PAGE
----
Perhaps more often than not, reading does stop us from getting outside. So what can we, as parents, do to counteract this? I’ve put together a few ideas to encourage our lovely bookworms into being more active at an early age. Read on to start your outdoor story adventures.

  1. Nursery Rhymes
    There are lots of nursery rhymes which lend themselves to an activity. Find your nearest hill for a rendition of The Grand Old Duke of York. Ring-a-ring-of-roses is great for a small group. Here We Go Round The Mulberry Bush works well in your local park, you just need a low-level shrub so you can see your children as they scamper round. Or next time you’re down by the river, sit down for a few verses of Row, Row, Row Your Boat.
  2. Outdoor Stories
    Whilst walking with your children, tell them a story. Or if they’re old enough, have them tell the story. Little Red Riding Hood works well when taking a walk in the woods, as does Goldilocks and The Three Bears. The Three Little Piggies might work for you on a farm walk. A favourite of ours is The Three Billy Goats Gruff. Everyone can join in with taking different parts and giving different voices to the characters. Allow the children to embellish the stories as you move through your environment. As well as the classic fairy tales, turn to modern picture books for inspiration, Lum’s Mum is a great book for an outdoor story, taking you along country lanes and meadows. Another modern story ideal for this is We’re Going On A Bear Hunt. I’m sure you have many more on your shelves just waiting to be turned into walking stories.
  3. Tell Your Own Story
    Make up your own characters and story as you walk, taking inspiration from the world around you. Get everyone involved by telling a sentence each in turn.
  4. Scavenger Hunt Stories
    Have your children collect items from a list. At a mid-point on your walk, turn your finds into elements of a story. Have fun using your imaginations. A stick might become a snake swimming down the river who meets a crocodile … what happens next? I’d love to hear your stories. Click here to sign up to my newsletter and receive a scavenger hunt list with your first newsletter.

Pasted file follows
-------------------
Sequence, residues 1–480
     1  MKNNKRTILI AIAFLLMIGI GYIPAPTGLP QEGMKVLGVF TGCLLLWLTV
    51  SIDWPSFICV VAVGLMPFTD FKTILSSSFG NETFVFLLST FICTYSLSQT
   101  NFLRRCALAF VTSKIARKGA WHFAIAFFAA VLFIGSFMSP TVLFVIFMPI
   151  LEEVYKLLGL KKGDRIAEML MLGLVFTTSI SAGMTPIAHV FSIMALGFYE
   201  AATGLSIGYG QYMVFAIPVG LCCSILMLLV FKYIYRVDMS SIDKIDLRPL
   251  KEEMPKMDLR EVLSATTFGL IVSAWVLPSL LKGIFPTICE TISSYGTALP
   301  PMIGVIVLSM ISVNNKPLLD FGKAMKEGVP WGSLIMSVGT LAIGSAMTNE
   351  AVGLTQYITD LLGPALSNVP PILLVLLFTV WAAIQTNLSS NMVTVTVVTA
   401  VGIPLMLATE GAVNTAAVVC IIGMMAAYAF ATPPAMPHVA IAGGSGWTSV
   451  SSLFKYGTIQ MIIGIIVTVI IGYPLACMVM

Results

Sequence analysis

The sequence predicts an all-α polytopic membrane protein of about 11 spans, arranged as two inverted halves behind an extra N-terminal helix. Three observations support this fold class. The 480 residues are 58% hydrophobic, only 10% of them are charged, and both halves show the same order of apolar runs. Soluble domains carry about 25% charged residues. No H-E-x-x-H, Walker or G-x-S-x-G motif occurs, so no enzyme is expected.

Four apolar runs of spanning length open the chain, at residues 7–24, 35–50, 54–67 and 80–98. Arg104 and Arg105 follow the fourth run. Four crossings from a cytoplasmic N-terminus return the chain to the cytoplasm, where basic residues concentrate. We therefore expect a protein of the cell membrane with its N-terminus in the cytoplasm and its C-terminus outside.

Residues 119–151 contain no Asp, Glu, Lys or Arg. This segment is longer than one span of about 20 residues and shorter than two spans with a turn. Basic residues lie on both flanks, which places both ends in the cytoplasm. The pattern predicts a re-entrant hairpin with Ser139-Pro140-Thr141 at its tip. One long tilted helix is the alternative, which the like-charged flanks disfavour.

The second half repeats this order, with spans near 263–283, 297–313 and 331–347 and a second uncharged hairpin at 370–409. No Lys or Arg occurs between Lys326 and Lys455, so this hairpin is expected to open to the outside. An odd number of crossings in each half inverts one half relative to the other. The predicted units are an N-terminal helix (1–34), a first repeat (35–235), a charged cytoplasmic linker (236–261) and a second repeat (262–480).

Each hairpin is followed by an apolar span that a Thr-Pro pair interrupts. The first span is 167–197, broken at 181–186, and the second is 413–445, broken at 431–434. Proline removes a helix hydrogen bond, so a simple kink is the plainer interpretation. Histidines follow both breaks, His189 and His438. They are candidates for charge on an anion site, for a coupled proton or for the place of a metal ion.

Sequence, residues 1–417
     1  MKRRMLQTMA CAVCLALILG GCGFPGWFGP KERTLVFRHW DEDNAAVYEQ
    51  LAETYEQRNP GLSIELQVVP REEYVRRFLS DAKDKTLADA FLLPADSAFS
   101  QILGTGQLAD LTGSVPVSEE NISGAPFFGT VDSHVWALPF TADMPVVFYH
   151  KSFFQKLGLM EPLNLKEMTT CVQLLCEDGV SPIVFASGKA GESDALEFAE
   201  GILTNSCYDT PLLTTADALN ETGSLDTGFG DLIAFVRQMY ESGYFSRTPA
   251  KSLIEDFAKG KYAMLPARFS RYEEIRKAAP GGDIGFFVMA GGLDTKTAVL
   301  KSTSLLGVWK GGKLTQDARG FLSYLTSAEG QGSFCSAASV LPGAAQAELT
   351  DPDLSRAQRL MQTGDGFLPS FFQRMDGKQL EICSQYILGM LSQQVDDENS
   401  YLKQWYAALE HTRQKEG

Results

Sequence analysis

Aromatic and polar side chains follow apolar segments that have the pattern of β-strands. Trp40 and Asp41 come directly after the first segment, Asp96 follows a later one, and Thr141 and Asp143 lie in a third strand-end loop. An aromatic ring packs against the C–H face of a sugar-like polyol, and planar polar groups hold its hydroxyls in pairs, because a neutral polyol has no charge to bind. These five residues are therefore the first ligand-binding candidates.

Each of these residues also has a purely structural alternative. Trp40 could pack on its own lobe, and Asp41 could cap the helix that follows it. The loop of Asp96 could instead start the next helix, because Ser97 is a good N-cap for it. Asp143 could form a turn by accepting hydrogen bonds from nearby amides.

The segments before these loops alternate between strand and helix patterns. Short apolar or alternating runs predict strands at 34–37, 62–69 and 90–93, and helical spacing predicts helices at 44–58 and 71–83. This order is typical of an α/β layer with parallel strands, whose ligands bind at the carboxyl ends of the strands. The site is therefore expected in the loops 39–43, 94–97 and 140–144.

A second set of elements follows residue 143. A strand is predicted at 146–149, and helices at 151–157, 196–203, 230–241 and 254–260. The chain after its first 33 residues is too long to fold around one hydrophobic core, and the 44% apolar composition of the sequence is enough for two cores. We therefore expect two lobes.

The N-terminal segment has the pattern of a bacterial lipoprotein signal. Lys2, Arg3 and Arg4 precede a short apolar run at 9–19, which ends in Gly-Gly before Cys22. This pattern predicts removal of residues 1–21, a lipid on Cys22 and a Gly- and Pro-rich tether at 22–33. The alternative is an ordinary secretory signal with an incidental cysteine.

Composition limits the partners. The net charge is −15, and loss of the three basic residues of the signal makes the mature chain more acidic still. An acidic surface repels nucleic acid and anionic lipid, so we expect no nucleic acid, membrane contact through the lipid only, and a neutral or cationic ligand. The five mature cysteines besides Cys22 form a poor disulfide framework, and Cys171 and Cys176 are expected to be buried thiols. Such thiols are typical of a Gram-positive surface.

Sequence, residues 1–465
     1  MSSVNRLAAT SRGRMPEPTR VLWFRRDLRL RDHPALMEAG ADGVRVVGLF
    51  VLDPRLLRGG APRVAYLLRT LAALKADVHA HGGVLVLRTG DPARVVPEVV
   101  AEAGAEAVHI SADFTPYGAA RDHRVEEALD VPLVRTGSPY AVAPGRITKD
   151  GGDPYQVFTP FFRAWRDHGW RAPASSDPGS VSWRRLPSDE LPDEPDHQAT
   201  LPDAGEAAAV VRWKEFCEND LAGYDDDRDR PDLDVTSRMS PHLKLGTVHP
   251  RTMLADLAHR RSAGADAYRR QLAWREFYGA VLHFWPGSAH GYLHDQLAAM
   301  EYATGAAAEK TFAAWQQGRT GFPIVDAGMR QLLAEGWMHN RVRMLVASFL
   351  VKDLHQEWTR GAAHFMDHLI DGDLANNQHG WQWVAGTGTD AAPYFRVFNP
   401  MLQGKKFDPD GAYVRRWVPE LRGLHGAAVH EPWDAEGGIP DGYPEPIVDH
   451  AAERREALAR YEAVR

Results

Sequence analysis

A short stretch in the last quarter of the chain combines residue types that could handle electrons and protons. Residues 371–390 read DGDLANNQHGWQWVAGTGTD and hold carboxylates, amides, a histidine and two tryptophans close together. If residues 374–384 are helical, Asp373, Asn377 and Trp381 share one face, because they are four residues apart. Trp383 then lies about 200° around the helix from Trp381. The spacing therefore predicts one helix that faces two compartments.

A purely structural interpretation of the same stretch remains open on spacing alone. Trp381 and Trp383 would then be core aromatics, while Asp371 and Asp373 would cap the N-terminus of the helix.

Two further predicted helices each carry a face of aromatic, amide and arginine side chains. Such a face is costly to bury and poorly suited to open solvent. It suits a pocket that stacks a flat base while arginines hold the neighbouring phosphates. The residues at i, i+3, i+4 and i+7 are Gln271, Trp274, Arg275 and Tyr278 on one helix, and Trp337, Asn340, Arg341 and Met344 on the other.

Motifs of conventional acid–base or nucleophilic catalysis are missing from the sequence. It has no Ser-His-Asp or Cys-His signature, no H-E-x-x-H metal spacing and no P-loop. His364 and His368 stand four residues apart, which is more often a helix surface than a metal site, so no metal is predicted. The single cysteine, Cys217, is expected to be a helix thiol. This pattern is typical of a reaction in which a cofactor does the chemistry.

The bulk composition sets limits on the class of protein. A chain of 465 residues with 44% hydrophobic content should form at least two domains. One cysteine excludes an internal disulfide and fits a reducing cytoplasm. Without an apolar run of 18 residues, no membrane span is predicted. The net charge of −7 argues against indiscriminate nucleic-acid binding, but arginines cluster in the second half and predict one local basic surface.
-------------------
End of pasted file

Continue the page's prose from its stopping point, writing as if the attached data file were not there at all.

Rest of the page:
5. Story Sticks
    A story stick can be used in many ways. Bring along a long strand of wool. Grab a stick at the start of your walk, tie the wool to your stick and as you walk take turns to hold the stick. Whoever is holding the stick tells a story. The wool can be used as a means of timing the story. As you talk wrap the wool around the stick. When the wool is entirely wrapped, your story ends and the stick is passed to the next person. Or tell the story of the stick. This one really gets the imagination working. Start with Once upon a time there was … and see how each of you can bring the stick into the story. Mine started like this:

    Once upon a time there was a nasty Prince. He was so mean that one day a witch turned him into a stick. For many moons the stick was picked up by walkers in the forest and carried from place to place. Some children would use the stick to beat rhythms on tree trunks. The Prince felt every hit. One day the stick was thrown into the river and was swept downstream and out to sea. The stick was eventually washed up on a distant shore … sign up to my newsletter here to read the rest of this story, you’ll receive a PDF of the full story with your first newsletter.
  6. Story Stones
    For this one, you might want to take a bag along with you. The idea is to collect stones as you walk, then either bring them home to paint them to use as story elements, or use them in situ, which might be harder to use your imagination to turn these stones into elephants, giants or aliens – children can do this though!

I hope you enjoy your next walk. Do let me know how you and your children get on.
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